WHEN Senator Derryn Hinch visited Mildura last year, he indicated that his Party would stand candidates in the upcoming Victorian election, and true to his word, that is happening.

Visiting Mildura this week was Derryn Hinch Justice Party candidate for Northern Victoria Upper House Tania Maxwell, PICTURED, who is campaigning throughout the vast electorate, introducing herself and her Party’s policies to locals.

On her way to Mildura, Ms Maxwell, who is based in Wangaratta, spent time in Swan Hill and Robinvale talking with locals, and said she was looking forward to meeting people in Ouyen and Sea Lake and other towns as she makes her way back home.

“I’ve had the opportunity to speak with some business proprietors in Mildura as well as people in the street, and the response to our Party’s stance on a number of issues resonates strongly here, as it does in other places,” she said.

Ms Maxwell is “well aware” of the Karen Belej case, and the lenient sentence handed down to her killer Brandon Osborn, and it’s cases similar to this that led Ms Maxwell to co-found the ‘Enough is Enough’ campaign three years ago, which drew the attention of Derryn Hinch, who became a supporter of her cause, and asked her to the official launch of his campaign to become a Senator.

Ms Belej, 31, died in her home at Cardross in May 2016 from a single gunshot wound inflicted by her partner, Osborn.

Osborn was originally charged with murder, but pleaded guilty to the lesser charge of manslaughter and received a nine-year jail sentence. However, with time already spent in custody, and a minimum six-year non-parole period to be served, Osborn could be free in four-and-a-half years.

A recent appeal against the leniency of the sentence was unsuccessful.

“I have a board where we have the victim’s names and when we hold rallies we hold that board up in memory of those victims who lost their lives and pay tribute to them, and that only relates to a narrow category of violent offenders, there are so many more,” Ms Maxwell said.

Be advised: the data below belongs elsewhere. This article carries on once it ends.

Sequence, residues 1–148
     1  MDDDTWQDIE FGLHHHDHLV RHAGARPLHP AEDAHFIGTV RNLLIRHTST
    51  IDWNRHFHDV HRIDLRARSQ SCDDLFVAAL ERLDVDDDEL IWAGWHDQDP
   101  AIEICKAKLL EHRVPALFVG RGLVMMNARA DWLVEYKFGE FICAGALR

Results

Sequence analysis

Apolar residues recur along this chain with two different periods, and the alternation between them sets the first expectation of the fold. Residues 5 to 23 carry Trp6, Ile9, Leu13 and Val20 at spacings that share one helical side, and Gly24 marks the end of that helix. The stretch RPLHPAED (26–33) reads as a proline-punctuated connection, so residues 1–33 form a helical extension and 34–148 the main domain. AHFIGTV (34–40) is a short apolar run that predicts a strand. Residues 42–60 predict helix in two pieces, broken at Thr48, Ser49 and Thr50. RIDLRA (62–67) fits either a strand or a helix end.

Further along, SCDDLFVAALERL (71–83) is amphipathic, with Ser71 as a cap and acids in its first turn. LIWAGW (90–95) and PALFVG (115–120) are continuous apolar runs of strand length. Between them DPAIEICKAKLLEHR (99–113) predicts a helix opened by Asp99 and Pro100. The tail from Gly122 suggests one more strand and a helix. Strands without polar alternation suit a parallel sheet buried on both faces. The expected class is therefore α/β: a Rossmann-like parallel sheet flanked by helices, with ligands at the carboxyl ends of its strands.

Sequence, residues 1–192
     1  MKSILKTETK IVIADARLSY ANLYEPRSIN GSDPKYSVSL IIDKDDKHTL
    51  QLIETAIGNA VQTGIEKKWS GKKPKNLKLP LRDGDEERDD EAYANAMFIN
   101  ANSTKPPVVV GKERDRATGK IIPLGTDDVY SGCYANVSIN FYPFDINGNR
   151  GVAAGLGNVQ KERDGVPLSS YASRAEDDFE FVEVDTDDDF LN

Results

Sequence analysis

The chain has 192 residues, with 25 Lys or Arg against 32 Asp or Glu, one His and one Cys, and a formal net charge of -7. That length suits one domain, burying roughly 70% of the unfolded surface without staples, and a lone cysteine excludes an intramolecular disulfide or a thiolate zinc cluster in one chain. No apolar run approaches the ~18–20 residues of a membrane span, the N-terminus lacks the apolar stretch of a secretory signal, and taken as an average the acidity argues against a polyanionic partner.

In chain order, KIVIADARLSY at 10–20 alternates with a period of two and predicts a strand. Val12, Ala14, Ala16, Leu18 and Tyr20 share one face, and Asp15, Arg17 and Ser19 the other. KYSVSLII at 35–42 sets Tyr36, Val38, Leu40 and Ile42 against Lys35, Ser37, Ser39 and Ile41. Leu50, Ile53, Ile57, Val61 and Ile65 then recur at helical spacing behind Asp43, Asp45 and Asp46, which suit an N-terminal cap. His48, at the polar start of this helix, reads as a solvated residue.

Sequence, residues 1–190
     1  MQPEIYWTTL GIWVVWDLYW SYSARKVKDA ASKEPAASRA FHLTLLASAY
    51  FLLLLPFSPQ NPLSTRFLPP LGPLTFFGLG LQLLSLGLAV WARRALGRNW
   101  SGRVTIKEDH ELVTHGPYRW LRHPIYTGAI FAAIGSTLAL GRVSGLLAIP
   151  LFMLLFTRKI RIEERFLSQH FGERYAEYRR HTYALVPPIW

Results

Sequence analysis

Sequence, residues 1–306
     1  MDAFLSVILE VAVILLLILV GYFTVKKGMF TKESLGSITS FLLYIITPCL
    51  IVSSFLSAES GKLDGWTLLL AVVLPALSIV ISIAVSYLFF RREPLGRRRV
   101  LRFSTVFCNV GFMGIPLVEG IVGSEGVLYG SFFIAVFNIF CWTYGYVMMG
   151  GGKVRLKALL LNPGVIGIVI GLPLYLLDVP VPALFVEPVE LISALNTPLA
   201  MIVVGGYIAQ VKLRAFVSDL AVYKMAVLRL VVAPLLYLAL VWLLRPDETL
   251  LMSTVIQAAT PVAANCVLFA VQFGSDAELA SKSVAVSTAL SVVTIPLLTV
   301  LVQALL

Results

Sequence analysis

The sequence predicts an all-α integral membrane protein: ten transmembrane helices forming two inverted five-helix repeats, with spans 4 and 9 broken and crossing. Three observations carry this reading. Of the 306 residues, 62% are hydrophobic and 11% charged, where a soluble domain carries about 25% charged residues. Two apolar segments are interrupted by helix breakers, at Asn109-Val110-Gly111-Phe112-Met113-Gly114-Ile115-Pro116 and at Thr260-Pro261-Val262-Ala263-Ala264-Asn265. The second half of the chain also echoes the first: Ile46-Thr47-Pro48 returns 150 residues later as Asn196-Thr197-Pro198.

“I was attracted to the Justice Party because of the policies, and in getting to know Derryn more, the one thing that stood out to me was the common sense approach, something Governments appear to have lost.

“That was very appealing, and so when Derryn approached me he was actually quite surprised that I said yes because it wasn’t a pathway that I had considered.

“I could have continued to go to Melbourne to have meetings with Ministers on behalf of my Enough is Enough campaign, or I could take a leap of faith and go on this journey where perhaps I can be sitting in that House where I can make a difference.”

Ms Maxwell has a good grasp of the issues affecting our region, including water security, domestic violence and the abuse of drugs and alcohol. 

“We need to attack the root causes of these issues and apply a common sense approach to dealing with them head on, while they are difficult they are not insurmountable,” Ms Maxwell said.

Ms Maxwell was raised on a farm, and said she understands the difficulties sometimes faced by people on the land.

“I grew up knowing the hardships of being on a farm, what droughts are like, I grew up with my mother having to make all my clothes because our family couldn’t afford to buy them, we killed our own sheep and so I know what it’s like being a farmer’s daughter,” she said.

Ms Maxwell worked as a breakfast cook in the mines in Western Australia for a number of years, before which she was a nanny, and in later years owned her own importing business.

She has also studied mental health and was a senior practitioner in that field for five years.

“I do look at myself as being quite versatile and adaptable, and I am someone who can relate to people in many different situations because I have had those lived experiences.”

More information about the Derryn Hinch Justice Party is available online at